(Reuters) - The first immigrant in U.S. detention with the novel coronavirus died this week, according to federal officials and local health authorities, as infections steadily climbed among the nearly 30,000 migrants in U.S. custody nationwide.
A 57-year-old man originally from El Salvador was arrested by U.S. Immigration and Customs Enforcement (ICE) in January of this year and was being held at the Otay Mesa Detention Center in San Diego before he died on Thursday at an area hospital.
Carlos Escobar-Mejia had tested positive for COVID-19, the disease caused by the novel coronavirus, on April 24 and was hospitalized, ICE said in a statement. The San Diego County Health and Human Services Agency had earlier confirmed his death.
A medical screening conducted when he was arrested found Escobar-Mejia had hypertension and he also self-identified as diabetic, ICE said. He had been in the United States since 1980 and previously was arrested and released in 2012, the agency said in a statement.
Overall, more than 700 immigrants in ICE custody have tested positive for the virus out of around 1,400 tested nationally.
The Otay Mesa facility near the U.S.-Mexico border, which was holding 629 detainees in early May, now has more infections than any other center in the country. As of May 5, 140 of the 181 detainees who have been tested at the center have come back positive for COVID-19. ICE stopped receiving new detainees at the center on April 2.
While ICE has dialed back arrest operations and agreed to review cases of some at-risk immigrants in custody, it still has tens of thousands in detention and is proceeding with deportation flights.
Pro-immigrant advocates have called for detainees - particularly low-level offenders - to be released from custody given the risks of contracting COVID-19 in detention.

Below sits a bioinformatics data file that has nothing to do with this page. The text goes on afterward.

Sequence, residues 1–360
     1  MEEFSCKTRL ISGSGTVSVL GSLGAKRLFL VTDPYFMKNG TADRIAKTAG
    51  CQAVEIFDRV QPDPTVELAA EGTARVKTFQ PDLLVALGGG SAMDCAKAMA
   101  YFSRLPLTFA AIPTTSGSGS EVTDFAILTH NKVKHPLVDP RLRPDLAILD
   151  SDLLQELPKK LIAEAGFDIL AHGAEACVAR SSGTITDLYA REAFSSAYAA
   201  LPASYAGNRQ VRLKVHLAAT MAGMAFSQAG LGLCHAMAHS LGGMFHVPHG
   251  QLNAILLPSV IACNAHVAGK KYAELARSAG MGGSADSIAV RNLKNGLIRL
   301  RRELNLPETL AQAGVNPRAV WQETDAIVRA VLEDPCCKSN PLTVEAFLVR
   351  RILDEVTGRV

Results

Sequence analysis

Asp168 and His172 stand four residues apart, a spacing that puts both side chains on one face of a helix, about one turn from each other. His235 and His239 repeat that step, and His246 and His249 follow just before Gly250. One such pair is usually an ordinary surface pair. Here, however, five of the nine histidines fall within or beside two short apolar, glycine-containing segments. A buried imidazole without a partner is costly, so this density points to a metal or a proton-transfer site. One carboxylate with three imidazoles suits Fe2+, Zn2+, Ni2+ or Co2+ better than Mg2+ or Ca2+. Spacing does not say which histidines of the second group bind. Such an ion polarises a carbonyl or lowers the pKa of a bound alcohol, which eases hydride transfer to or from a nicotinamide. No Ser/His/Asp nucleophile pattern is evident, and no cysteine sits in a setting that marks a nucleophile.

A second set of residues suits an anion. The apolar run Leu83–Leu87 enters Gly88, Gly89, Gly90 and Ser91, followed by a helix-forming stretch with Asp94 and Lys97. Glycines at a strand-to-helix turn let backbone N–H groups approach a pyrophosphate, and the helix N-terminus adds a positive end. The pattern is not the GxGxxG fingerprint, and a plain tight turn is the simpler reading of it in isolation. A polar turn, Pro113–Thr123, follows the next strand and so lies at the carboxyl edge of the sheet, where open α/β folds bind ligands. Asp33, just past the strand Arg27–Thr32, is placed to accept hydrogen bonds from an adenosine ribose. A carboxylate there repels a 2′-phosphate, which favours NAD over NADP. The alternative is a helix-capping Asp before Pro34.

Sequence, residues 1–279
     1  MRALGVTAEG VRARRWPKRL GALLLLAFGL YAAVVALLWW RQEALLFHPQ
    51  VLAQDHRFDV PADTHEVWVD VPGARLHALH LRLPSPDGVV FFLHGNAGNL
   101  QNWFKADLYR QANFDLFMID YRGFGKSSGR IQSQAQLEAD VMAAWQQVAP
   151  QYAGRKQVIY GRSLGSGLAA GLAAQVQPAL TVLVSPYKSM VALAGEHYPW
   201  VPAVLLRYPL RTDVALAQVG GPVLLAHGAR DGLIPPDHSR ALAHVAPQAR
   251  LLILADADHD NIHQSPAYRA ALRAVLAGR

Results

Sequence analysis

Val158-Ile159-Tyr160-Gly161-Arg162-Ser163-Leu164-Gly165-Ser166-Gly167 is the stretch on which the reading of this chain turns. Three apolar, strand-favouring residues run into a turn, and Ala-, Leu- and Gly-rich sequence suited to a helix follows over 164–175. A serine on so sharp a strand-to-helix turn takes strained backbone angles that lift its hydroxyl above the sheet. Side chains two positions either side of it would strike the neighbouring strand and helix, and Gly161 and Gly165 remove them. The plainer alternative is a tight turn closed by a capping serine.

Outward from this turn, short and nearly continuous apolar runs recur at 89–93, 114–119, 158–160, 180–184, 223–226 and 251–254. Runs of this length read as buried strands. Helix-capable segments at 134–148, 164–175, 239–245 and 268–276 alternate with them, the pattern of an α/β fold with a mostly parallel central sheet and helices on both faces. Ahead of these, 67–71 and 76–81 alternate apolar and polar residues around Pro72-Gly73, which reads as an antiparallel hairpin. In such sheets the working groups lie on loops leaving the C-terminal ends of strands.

Ranit Mishori from the nonprofit group Physicians for Human Rights said advocates have been sounding the alarm about the health and safety of immigrants in detention.
“The government cannot say it did not know this would happen,” Mishori said in a statement. “All people deserve to shelter in place with their families rather than be confined to the potential death traps of ICE detention facilities.”
Attorneys have filed lawsuits seeking parole for many detainees and ICE said nearly 200 have been released so far after court orders. Most of those released had criminal charges or convictions, the agency said.
The coronavirus has infected about 1.2 million people in the United States and killed around 74,000 as of late Wednesday.
The global death toll from the disease stands at over 262,000, with about 3.8 million infections.
Reporting by Mica Rosenberg in New York and Kanishka Singh and Aakriti Bhalla in Bengaluru; Editing by Mark Heinrich, Bernadette Baum and Jonathan Oatis
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